|Mesh||# nodes||# elements||All files (.node, .ele, .part)||.node files||.ele files||.part files (1-128 subdomains)|
|sf10||7,294||35,025||1.7M||.06M||.7M||1 |2 |4 |8 |16 |32 |64 |128 (.1M each)|
|sf5||30,169||151,173||7M||.25M||3M||1 |2 |4 |8 |16 |32 |64 |128 (.45M each)|
|sf2||378,747||2,067,739||100M||3M||43M||1 |2 |4 |8 |16 |32 |64 |128 (6M each)|
|sf1||2,461,694||13,980,162||630M||20M||285M||1 |2 |4 |8 |16 |32 |64 |128 (40M each)|
A mesh is represented with two ASCII files in the Triangle format. The .node file contains the nodes in the mesh and their geometric coordinates. The .ele file contains the linear tetrahedral elements that comprise the mesh, and the nodes that comprise the corners of each element.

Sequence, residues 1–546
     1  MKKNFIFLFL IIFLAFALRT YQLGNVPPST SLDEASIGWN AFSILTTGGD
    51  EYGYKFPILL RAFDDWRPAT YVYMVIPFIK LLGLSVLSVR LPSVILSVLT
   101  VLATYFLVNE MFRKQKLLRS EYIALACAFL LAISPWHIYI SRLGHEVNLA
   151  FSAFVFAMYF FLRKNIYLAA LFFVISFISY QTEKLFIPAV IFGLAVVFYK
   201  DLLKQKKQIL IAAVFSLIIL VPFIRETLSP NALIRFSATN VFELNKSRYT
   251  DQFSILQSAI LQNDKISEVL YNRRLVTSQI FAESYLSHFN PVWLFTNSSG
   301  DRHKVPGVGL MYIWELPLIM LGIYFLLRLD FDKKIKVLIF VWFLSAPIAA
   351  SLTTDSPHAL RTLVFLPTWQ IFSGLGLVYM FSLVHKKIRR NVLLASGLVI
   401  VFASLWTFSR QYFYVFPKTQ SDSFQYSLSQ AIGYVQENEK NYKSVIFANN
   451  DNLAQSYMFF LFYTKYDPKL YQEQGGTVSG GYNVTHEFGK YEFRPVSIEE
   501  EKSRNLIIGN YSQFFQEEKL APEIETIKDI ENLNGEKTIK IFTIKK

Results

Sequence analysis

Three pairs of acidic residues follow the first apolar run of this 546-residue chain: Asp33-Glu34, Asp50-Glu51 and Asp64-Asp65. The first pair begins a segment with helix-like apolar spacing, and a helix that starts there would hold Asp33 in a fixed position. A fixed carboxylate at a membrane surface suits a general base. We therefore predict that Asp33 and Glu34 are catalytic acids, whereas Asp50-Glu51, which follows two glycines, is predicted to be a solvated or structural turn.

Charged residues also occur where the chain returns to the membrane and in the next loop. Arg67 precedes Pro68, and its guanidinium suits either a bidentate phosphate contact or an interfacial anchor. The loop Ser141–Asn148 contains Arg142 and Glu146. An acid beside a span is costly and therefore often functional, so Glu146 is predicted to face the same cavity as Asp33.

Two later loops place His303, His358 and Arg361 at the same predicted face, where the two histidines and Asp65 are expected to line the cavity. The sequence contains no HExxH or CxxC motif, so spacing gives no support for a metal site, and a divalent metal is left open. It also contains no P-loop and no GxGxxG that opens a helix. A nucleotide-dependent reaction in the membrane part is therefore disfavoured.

The meshes are partitioned into disjoint sets of elements using a geometric recursive bisection algorithm due to Miller, Teng, Thurston, and Vavasis. Each partition is described by an ASCII .part file, which lists the mapping of elements to subdomains. The formats of all files are described below.
The partitioned meshes can be displayed, manipulated, and saved as encapsulated color Postscript files using the X Windows based Showme program, which is distributed freely with the CMU Triangle Delaunay-based mesh generator program via Netlib.
Blank lines and comments prefixed by `#' may be placed anywhere. Nodes are numbered consecutively starting from one.
Each SF .node file contains two integer boundary markers that are artifacts of the specific solver we used to simulate the Northridge earthquake. They should be ignored.
The 3 attributes are floating-point material properties.